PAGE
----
But he could not rule out that deaths did occur at the hands of foreign forces.
Andrew Geddis has written passionately about the book and the incident. His must read post starts off with this:
Think of a three-year-old girl. Maybe she’s your daughter. Maybe she’s your niece. Maybe she’s your friend’s child. But think of her.
Now think of her screaming in terror as her mother carries her from her home while helicopters pour 30mm exploding cannon shells into it. Then think of her screams ending as a piece of shrapnel from one of those shells smashes through her skull and kills her.
For Nicky Hager and John Stephenson’s book, Hit & Run: The New Zealand SAS in Afghanistan and the meaning of honour, tells us in horrifying detail that this is what happened in a small Afghanistani farming village called Khak Khuday Dad early on the morning of 22 August, 2010. What sets this story aside from all the other sad, cruel deaths in that country is this small child – Fatima was her name – died because of us. Or, rather, she died because of the plans and actions of soldiers wearing our flag on their shoulders and our Kiwi on their vehicles.
And his conclusion is flawless in its logic:
Why, then, does any of this matter to us some seven years down the track? It matters first because we don’t yet know the answer to the most important questions: who ordered the U.S. Apache helicopters to fire into Khak Khuday Dad and why? Who fired the sniper shots that appear to have killed two unarmed civilians fleeing the burning village? Those matters require an urgent inquiry, for if it was New Zealand soldiers on the ground who did so, then our SAS actually has directly killed non-combatants. And directly killing non-combatants can be a war crime.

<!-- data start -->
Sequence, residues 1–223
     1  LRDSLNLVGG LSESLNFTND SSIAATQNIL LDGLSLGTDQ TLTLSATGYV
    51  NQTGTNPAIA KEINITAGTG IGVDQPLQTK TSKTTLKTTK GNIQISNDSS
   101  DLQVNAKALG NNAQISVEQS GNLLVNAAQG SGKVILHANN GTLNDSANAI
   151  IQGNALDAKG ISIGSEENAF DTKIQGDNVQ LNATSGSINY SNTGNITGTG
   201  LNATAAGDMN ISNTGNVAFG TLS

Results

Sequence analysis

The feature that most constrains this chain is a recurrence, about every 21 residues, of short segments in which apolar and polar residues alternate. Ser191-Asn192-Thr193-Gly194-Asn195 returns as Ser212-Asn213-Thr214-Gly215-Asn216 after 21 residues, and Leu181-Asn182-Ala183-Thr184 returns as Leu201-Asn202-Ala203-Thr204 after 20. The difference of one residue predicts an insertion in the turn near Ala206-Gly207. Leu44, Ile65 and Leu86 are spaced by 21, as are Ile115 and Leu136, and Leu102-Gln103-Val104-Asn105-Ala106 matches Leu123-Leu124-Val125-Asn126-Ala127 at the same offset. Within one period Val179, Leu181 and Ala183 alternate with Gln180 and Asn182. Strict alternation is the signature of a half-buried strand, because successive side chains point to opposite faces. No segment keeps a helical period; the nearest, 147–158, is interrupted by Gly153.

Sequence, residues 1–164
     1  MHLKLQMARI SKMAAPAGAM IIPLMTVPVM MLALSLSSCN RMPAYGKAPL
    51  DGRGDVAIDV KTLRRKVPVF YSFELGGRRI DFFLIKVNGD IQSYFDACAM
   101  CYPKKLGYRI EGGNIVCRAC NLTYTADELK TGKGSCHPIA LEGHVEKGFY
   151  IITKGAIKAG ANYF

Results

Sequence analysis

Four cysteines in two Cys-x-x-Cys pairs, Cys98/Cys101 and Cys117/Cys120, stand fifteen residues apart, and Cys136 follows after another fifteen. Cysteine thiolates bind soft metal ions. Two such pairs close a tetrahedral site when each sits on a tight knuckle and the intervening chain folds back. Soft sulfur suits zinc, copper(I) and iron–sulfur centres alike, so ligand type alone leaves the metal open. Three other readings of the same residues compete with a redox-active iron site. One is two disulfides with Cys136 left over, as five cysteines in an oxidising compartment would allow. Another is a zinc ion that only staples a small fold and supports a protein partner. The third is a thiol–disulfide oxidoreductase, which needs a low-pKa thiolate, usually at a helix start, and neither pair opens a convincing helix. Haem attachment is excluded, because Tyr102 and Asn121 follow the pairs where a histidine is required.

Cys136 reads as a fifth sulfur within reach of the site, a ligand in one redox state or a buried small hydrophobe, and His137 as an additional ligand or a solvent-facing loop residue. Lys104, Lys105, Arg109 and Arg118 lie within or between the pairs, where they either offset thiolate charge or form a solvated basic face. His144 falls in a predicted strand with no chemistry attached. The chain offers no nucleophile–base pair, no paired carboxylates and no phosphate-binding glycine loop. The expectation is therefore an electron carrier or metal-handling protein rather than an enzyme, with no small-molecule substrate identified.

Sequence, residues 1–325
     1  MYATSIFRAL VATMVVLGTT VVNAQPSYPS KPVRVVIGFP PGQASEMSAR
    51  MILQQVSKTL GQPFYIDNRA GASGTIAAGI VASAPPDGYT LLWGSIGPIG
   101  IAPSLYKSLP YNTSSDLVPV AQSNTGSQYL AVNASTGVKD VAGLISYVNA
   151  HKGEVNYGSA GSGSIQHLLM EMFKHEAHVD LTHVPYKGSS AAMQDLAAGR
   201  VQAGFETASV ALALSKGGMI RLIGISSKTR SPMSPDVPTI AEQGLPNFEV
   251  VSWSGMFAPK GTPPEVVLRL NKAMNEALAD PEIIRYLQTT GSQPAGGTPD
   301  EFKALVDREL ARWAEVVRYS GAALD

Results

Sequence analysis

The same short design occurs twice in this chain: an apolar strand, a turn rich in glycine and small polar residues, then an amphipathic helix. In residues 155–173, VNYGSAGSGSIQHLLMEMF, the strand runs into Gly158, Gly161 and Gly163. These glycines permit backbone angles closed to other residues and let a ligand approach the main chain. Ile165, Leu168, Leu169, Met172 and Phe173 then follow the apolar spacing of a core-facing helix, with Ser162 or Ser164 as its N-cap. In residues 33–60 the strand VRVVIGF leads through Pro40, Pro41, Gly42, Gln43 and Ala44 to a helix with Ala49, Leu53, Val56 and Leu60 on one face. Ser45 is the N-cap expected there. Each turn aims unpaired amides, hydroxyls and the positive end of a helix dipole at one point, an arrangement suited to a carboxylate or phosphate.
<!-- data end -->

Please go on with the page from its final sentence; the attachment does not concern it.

Second, the fact we as a people have been systemically lied to over what our soldiers do in our name is intolerable. Back in 2013, when it was revealed that the Defence Force included investigative journalists on a list of “hostile individuals” that threaten “subversion”, I said this:
If me, or people like me, finding out what it is you are doing in places like Afghanistan mean that the Defence Forces can’t do its job, then you shouldn’t be in those places in the first place. End of story. And if you can’t accept that these are the conditions under which you operate, then you shouldn’t be running the show. End of story.
I say that again now. If our SAS must dissemble and lie by omission or commission to those for whom they fight, then it should not be fighting. If military leaders and their political masters are complicit in those lies, then we should follow the German example and require their resignations.
Nicky Hager and Jon Stephenson should be congratulated in their work. Their resilience to the attacks that this Government had made on both of them over an extended period of time is legendary. They have performed a vital role in our democracy, they have refused to be silenced even though the full force of Government has been thrown against both of them and they have insisted that the truth is made public.
There needs to be an inquiry. Call me old fashioned but I have always taken the view that if members of my country’s military have engaged in war crimes then they should be tried. And if there has been a cover up then those responsible should be held accountable.
Hager’s book is going to cast a very dark cloud over John Key’s valedictory speech. Rod Emerson’s brilliant cartoon from this morning sums up why.
— Rod Emmerson (@rodemmerson) March 21, 2017